Medan: Mount Sinabung, a volcano, which is located near Brastagi (about 90 km from Medan) has been spewing ash and lava since 2015. The Indonesian Agency for Meteorology, Climatology and Geophysics (BKMG) has categorised the volcano as being at Alert IV, the highest alert for a volcano. The local authorities have declared a red zone of 7 km radius around the volcano. Singaporeans should abide by all local authorities’ instructions when visiting the vicinity of the volcano. Singaporeans are advised to monitor media reports closely, and keep abreast of developments that could potentially affect your travel plans. The BMKG website is at www.bmkg.go.id.
There are popular hiking trails near Brastagi and Mount Sibayak. Singaporeans who wish to hike up Mount Sibayak should hire a professional guide who knows the trails and terrain well. There have been cases of hikers who went missing when hiking without professional guides.
Riau Islands Province: As an archipelagic province, the Riau Islands Province (KEPRI) may experience inclement weather particularly during the monsoon seasons when sea travel may be affected. Singaporeans should take the necessary precautions by selecting reliable modes of sea transport and taking note of the weather advisories from the BMKG website at www.bmkg.go.id.
General Travel Advice
Overseas Travel - Be Informed & Be Safe [18 November 2017]
In 2017, there have been various attacks on civilian targets which affected areas popular with tourists and locals. Widely-reported incidents in recent months include the attacks in Lower Manhattan in New York (31 October 2017), at the Mandalay Bay Hotel and Casino in Las Vegas (1 October 2017), at Las Ramblas street in Barcelona (17 August 2017), at the London Bridge and Borough Market in London (3 June 2017), and at the Drottninggatan street in Stockholm (7 April 2017).
As a precaution during this holiday travel season, we advise Singaporeans of the following:
- Purchase comprehensive travel insurance and be familiar with the terms and coverage.
- Take a few minutes to eRegister with MFA.
- Always take care of your personal safety, and remain vigilant and alert to local security developments.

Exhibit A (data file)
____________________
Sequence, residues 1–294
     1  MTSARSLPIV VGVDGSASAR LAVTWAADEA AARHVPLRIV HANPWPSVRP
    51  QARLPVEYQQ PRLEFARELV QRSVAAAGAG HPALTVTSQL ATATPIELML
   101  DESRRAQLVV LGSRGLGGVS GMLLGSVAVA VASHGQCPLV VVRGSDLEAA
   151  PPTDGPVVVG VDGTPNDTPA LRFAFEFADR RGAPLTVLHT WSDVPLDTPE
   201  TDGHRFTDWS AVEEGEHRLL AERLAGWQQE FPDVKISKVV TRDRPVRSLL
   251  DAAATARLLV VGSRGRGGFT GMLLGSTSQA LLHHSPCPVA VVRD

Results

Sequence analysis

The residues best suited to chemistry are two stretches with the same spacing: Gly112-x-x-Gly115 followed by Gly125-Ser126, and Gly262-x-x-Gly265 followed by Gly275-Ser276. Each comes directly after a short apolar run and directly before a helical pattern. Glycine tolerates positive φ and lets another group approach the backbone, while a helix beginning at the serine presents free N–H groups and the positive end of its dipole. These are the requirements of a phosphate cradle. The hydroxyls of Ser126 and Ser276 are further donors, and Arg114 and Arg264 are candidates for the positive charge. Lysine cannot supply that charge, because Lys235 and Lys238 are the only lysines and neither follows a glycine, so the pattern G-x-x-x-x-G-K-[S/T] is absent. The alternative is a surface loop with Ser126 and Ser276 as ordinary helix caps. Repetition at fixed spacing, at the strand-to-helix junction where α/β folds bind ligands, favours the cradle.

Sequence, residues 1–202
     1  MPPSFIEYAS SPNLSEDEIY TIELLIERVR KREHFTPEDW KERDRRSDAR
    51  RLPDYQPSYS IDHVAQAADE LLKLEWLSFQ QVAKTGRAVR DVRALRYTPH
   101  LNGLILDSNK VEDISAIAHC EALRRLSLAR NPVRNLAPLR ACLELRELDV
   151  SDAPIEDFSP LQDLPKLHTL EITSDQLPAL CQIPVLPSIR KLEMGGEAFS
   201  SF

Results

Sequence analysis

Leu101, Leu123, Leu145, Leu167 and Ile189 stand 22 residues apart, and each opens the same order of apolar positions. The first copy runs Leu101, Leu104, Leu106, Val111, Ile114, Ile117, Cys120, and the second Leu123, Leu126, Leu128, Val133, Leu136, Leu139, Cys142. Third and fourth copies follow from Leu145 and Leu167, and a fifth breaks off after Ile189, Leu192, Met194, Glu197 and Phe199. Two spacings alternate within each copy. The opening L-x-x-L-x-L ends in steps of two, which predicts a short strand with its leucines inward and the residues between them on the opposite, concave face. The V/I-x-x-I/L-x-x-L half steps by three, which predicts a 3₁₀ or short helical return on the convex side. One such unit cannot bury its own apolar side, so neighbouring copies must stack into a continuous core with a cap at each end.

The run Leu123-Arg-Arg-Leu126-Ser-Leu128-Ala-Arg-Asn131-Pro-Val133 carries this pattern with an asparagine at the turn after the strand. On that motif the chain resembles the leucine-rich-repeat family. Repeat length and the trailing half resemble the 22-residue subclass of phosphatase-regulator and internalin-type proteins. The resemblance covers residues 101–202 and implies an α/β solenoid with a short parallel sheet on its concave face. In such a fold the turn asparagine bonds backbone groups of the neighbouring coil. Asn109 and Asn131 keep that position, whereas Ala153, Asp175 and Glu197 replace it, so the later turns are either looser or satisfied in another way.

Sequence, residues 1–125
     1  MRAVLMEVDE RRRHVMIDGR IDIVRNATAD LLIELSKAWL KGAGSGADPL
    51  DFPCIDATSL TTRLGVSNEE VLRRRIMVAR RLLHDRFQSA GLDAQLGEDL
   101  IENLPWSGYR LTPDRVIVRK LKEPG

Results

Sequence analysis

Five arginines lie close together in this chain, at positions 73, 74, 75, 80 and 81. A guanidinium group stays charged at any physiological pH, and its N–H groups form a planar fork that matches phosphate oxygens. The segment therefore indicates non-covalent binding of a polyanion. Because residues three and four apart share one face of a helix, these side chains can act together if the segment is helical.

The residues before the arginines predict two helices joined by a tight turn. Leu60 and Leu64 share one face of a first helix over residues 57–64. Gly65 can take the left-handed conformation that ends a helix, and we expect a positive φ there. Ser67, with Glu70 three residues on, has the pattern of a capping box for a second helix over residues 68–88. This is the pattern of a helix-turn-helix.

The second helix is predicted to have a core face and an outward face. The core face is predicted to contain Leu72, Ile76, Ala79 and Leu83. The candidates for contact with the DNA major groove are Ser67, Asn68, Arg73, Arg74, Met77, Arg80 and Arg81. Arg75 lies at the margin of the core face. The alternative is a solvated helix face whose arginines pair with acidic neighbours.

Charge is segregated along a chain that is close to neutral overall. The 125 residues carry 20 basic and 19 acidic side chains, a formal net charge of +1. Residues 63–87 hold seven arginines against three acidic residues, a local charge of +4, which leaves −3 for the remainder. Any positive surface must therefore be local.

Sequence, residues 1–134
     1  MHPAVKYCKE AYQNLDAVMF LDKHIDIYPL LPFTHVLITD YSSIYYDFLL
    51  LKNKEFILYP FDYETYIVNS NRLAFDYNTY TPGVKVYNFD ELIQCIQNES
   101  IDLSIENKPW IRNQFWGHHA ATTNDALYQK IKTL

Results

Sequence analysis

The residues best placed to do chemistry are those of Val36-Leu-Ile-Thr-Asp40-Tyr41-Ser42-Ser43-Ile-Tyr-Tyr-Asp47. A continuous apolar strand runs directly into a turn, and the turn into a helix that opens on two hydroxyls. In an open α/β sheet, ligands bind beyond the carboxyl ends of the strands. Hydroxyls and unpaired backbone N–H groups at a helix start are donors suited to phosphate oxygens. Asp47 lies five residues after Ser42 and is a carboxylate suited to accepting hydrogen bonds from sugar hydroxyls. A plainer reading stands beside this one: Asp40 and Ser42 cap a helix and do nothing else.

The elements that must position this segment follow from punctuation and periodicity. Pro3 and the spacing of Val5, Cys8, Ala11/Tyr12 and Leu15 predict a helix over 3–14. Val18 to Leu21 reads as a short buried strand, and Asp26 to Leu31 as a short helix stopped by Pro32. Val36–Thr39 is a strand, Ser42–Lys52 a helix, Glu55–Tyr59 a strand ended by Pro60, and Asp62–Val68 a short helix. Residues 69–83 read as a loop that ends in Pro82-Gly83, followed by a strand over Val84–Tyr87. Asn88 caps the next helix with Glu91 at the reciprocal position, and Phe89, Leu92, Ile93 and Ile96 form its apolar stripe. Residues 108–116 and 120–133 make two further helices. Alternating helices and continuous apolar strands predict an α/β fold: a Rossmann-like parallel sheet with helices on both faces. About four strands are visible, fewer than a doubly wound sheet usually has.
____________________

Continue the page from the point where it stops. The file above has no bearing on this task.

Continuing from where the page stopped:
- Obey the laws and respect the local customs of the countries you are visiting.
- Keep your passport and identity card separate to minimise the risk of you losing both your ID documents.
- Never carry too much cash and valuables. Never leave your valuables unattended.
- Make sure you know the local rules of the road. Ensure that you, your passengers and the vehicle are covered by insurance.
- Exercise caution around large gatherings and avoid locations known for demonstrations or disturbances.
- Monitor the local news and heed the instructions of the local authorities in an emergency.
- Stay in touch with your family and friends in Singapore so that they know you are safe. Inform them of your whereabouts and activities.
In the event that you require consular assistance, please call the Ministry of Foreign Affairs Duty Office (24-hours) at +65 6379 8800/+65 6379 8855, or get in touch with the nearest Singapore Overseas Mission.
Overseas Travel - Respect and Abide by Local Laws and Regulations [19 October 2016]
Recently, a number of Singaporeans have been arrested overseas for breaking the laws of the countries they were visiting.
Foreigners visiting or residing in Singapore have to abide by our laws. Likewise, Singaporeans abroad also have to adhere to the laws and regulations of the countries they are visiting or residing in. Violation of foreign laws could lead to immediate arrest and detention. In some countries, the judicial process could take months. Singaporeans convicted of offences overseas could face heavy fines and/or long prison sentences. For drug-related offences, offenders could face a long prison sentence or even capital punishment.
The Ministry of Foreign Affairs (MFA) will render appropriate consular assistance to Singaporeans who are arrested and detained overseas. However, MFA cannot intervene in the legitimate law enforcement and judicial workings of another country. Therefore, Singaporeans should exercise due care and personal responsibility when travelling overseas, including respecting and abiding by local laws and regulations.
In the event that Singaporeans overseas require emergency consular assistance, please call the MFA Duty Office (24-hours) at +65 6379 8800/+65 6379 8855, email us at firstname.lastname@example.org, or get in touch with the nearest Singapore Overseas Mission.
Advisory: Email Scams [Updated: 12 May 2016]
There has been an increasing number of reports in recent years of individuals receiving scam emails purportedly sent from friends in distress overseas. These emails typically originate from an email address known to the receiver bearing claims of the sender getting into trouble overseas and urgently requesting financial assistance. The sender would also claim to have approached a Singapore Embassy/Consulate and the local Police for help to no avail.
MFA takes the safety of all Singaporeans very seriously. Singaporeans in distress approaching our Overseas Missions for assistance will be rendered with all necessary consular assistance. If you receive such emails from purported friends seeking funds transfers, we strongly advise you to call them first to verify the authenticity of the emails before responding to their request. It is also not advisable to give out any personal information such as NRIC/passport nos., address, telephone number, etc. Any form of reply, even one of non-interest, could result in more unsolicited emails. Members of the public who suspect that they have fallen prey to such scams should report the matter to the Police immediately. Should Singaporeans abroad require consular assistance, they can contact the nearest Mission or call the Ministry of Foreign Affairs 24-hr Duty Office at +65 6379 8800/+65 6379 8855.